We can't equate behavior of a child to that of an adult.
By Rob Mason • Assistant Public Defender
Children accused of crimes face delinquency charges in juvenile court. Depending on their record, or the seriousness of the accusations, they may be prosecuted as adults.
In local legal terms, with juvenile court on the second floor and Circuit Court on the fourth and fifth floors, it's called “kicking the case upstairs.”
Should children “do the time if they did the crime?”
Not necessarily, and certainly not an equivalent amount of time or punishment compared to adults that have committed the same offense.
Let’s face it, kids are different. Their brains work differently than adult brains.
It doesn’t matter how smart a teen may be, whether they scored well on the SAT or whether they have a stellar GPA. Parents struggle to understand why their teenagers occasionally behave in impulsive, irrational or dangerous ways.
At times, it seems teens don't think things through or even consider the consequences of their actions. That’s because often they don’t.
Adolescents differ from adults in the way they behave, solve problems and make decisions. There is a biological explanation: Their brains aren’t fully developed and won’t be until age 25 or so.
Technological breakthroughs, brain-imaging techniques performed by high-resolution structural and functional magnetic resonance imaging, have advanced the understanding of the human brain and its development as it progresses from childhood through adolescence and into adulthood.
Developmental neuroscience studies have shown that the structure of the adolescent brain and the way that it functions are immature compared to the adult brain.
The frontal lobe undergoes significantly more changes during adolescence than any other stage of life. It also is the last part of the brain to develop. Even as adolescents become more capable in other areas, they’re not able to reason as well as adults.
Adolescents’ actions are guided more by the emotional and reactive amygdala and less by the thoughtful, logical frontal cortex. As such, adolescents are less able than adults to cognitively self-regulate their behavior.
This helps to explain why adolescents are overrepresented in virtually every category of reckless behavior, sensation-seeking and risk-taking. Adolescents experience heightened levels of sensitivity to immediate rewards. Although adolescents can appreciate risks, they overvalue the potential reward.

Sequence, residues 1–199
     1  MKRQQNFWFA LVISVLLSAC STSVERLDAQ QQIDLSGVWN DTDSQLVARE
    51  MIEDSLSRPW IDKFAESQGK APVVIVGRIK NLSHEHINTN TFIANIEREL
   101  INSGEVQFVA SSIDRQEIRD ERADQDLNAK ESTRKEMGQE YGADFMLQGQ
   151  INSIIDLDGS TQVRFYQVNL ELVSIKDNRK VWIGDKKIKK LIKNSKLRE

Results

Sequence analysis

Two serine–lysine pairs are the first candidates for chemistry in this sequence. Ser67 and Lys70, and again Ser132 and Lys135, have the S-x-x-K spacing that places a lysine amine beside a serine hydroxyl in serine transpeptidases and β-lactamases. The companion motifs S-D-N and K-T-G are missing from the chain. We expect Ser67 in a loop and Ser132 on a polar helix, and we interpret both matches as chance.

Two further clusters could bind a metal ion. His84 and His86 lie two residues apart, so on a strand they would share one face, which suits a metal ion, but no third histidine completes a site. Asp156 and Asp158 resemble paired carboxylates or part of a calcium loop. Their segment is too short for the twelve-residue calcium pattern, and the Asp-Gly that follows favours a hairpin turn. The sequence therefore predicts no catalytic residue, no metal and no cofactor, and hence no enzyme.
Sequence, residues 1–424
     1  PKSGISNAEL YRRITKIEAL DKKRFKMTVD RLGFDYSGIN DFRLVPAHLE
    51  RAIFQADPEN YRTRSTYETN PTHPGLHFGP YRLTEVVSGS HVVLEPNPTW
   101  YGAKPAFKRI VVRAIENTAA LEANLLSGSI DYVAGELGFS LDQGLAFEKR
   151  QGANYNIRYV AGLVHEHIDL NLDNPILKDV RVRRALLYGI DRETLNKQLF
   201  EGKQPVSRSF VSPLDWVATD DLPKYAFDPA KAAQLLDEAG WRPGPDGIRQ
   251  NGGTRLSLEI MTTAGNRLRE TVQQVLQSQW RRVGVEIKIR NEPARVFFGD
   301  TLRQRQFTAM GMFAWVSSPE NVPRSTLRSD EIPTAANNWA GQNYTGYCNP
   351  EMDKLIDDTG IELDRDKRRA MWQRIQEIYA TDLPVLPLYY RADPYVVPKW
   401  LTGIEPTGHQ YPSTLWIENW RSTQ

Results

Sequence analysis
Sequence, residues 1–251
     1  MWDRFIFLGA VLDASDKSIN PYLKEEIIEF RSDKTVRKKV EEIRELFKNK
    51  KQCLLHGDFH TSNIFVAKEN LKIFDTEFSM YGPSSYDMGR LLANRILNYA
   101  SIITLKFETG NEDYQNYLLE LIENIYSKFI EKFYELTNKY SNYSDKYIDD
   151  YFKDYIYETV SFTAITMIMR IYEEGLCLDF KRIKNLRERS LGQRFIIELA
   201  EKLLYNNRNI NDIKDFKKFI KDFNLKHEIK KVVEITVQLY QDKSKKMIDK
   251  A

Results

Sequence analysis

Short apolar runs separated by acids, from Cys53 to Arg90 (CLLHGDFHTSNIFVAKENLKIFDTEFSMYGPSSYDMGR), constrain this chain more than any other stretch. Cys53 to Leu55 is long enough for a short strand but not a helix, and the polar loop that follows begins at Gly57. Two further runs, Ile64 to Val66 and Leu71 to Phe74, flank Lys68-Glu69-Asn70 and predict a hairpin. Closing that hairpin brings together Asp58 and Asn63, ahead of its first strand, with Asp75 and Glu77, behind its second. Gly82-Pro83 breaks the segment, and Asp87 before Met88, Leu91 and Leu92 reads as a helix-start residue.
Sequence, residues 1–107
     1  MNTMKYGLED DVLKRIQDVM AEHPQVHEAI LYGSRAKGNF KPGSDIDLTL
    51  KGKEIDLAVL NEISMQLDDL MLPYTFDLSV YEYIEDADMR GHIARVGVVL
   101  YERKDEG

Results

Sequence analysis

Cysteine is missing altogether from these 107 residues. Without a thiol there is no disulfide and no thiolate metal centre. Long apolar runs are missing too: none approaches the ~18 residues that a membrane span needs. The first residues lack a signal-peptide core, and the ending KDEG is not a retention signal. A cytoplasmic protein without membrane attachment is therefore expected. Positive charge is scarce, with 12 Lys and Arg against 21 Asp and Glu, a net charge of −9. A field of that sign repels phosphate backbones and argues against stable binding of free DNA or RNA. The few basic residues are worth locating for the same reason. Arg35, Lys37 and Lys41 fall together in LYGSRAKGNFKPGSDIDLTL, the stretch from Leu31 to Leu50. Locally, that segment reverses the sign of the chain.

Adolescents are more vulnerable or susceptible to negative influences and outside pressure. Their character is not as well formed as an adult.
Thus, from a moral standpoint, it is misguided to equate the unlawful behavior of a child to that of an adult. Their lack of maturity and underdeveloped sense of responsibility lessen their culpability and makes them less deserving of the most severe punishments.
Don’t believe me? Then how about the U.S. Supreme Court? See Roper v. Simmons, 543 U.S. 552 (2005) and Graham v. Florida, 130 S.Ct. 2011 (2010).
These brain differences don't mean that young people can't make good decisions or tell the difference between right and wrong. Nor does it mean that they shouldn't be held responsible for their actions.
However, an awareness of these differences can help parents, teachers, advocates, policymakers and stakeholders in the criminal and juvenile justice system better understand the behavior of adolescents.
This understanding of adolescence does not excuse young offenders for criminal or delinquent behavior, but it definitively lessens their culpability.
While science cannot gauge moral culpability, science can shed light on factors relevant to culpability and the appropriateness of punishment. Juvenile defenders and criminal defense attorneys need to understand adolescent brain development and present supportive evidence as mitigation.
Additionally, in order to fairly treat adolescents and young adults, prosecutors also need to understand the science. An understanding of adolescent brain development will assist and elevate the level of representation by attorneys in any practice area where an adolescent’s behavior is relevant to their client’s case.
Rob Mason is director of the Juvenile Division, Office of the Public Defender, 4th Judicial Circuit.